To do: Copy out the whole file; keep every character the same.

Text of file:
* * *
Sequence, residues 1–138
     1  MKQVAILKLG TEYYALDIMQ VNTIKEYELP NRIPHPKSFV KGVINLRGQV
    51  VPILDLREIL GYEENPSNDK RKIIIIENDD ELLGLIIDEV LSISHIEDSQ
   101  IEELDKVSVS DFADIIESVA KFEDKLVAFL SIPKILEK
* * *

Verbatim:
Sequence, residues 1–138
     1  MKQVAILKLG TEYYALDIMQ VNTIKEYELP NRIPHPKSFV KGVINLRGQV
    51  VPILDLREIL GYEENPSNDK RKIIIIENDD ELLGLIIDEV LSISHIEDSQ
   101  IEELDKVSVS DFADIIESVA KFEDKLVAFL SIPKILEK